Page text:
Art & Culture

How Rosemary Can Help Your Brain

Claire Miles
Dec 23, 2019

Being forgetful can have a serious impact on a person’s life, particularly when it comes to the classroom of one’s place of work. There are plenty of tips and tricks to help strengthen the part of the brain that controls memory. For instance, it’s said that people who partake in crossword puzzles have better memories later in life. In a 2016 study published by researchers at Northumbria University in the UK, it was found that inhaling rosemary oil significantly helped children remember things.

In the study carried out by the UK university, scientists chose to research 40 students between the ages of 10 and 11, each of whom was assigned at random to two separate classrooms. One of the rooms was infused with rosemary oil, while the other had no scent. The scientist then had the children in both rooms partake in a variety of memory games, and the results were pretty illuminating. Children who were tested in the rosemary-suffused room performed significantly better than the children who were tested in the non-infused room, particularly when it came to a test that involved word memory.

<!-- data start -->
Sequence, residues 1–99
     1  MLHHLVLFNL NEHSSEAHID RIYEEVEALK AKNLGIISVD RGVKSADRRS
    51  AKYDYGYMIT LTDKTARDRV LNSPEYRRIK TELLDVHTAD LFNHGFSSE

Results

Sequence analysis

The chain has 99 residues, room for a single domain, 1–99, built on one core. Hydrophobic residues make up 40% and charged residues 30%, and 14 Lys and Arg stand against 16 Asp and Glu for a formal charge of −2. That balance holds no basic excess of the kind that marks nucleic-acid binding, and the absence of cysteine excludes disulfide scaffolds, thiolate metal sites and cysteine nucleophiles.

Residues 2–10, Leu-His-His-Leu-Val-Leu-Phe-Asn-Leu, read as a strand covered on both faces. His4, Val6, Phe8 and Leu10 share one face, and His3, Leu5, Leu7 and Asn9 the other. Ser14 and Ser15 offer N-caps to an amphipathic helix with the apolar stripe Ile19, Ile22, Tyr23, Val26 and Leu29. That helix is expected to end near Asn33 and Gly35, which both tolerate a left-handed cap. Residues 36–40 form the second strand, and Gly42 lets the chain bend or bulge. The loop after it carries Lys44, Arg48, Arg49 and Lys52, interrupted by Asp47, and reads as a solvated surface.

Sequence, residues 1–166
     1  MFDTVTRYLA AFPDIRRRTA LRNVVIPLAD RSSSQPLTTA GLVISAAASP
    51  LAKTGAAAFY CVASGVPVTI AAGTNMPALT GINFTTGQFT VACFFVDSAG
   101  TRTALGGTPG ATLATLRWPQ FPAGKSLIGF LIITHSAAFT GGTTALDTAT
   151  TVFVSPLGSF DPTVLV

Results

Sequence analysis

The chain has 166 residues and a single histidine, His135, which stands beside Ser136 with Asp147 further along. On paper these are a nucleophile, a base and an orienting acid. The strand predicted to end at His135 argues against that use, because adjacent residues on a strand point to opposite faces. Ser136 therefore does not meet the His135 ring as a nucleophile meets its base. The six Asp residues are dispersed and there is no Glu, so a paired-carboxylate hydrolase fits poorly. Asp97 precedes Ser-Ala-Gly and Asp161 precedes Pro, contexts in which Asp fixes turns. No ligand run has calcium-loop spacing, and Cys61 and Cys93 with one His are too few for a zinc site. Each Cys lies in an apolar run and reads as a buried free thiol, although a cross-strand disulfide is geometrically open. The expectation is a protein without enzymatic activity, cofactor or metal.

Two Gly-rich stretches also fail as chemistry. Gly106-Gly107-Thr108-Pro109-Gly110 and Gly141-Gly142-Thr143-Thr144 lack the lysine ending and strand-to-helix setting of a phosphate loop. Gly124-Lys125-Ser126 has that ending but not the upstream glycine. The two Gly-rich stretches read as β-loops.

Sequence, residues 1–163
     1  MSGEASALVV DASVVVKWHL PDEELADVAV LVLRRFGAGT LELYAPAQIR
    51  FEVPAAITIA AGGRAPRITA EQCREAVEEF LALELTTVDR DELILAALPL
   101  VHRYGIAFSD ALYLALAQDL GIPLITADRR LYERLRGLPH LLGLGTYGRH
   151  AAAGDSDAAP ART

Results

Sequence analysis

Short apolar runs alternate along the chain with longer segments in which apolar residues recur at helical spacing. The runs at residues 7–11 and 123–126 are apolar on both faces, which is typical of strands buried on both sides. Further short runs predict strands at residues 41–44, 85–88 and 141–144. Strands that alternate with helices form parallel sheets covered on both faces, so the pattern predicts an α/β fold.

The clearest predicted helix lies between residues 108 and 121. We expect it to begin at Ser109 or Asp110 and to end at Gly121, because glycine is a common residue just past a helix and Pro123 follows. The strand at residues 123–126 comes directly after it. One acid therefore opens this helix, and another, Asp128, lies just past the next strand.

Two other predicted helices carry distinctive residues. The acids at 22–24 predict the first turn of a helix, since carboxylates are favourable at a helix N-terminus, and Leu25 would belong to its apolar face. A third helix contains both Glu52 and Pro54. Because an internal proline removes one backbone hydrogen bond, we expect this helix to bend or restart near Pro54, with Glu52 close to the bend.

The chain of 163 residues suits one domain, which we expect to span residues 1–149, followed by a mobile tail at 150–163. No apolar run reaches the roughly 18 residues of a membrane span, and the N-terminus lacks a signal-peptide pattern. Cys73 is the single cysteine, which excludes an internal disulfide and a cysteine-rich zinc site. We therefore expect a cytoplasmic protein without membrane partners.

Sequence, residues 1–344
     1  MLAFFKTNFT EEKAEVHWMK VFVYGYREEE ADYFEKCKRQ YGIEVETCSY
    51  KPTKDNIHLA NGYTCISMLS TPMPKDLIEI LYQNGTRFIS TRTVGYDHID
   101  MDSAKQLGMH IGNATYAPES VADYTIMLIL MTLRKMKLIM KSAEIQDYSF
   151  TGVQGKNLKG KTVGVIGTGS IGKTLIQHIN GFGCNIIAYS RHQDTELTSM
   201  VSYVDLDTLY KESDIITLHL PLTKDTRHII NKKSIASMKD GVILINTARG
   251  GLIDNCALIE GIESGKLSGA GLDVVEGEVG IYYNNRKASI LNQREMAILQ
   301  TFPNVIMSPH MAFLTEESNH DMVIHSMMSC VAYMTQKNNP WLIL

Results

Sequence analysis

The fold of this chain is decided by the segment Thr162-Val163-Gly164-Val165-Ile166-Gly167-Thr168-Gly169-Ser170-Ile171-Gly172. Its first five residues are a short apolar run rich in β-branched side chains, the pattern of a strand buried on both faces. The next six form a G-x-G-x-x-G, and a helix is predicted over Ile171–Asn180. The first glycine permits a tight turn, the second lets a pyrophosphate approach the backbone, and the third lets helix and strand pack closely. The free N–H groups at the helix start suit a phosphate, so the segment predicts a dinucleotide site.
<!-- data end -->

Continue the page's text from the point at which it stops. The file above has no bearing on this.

Woman sniffing rosemary

Getty Images/Guido Mieth/Moment

According to these findings, it looks like some good old aromatherapy might be the memory hack we’ve all been waiting for. However, the science behind the mysterious effect of rosemary on the human brain is still unknown. One of the study’s main researchers, Dr. Mark Moss, suspects that either the smell has an effect on the brain’s electrical activity, or that pharmacologically active compounds are sometimes absorbed when adults are in the vicinity of rosemary.

“We do know that poor working memory is related to poor academic performance and these findings offer a possible cost effective and simple intervention to improve academic performance in children,” offered Moss. “The time is ripe for large-scale trials of aroma application in education settings.”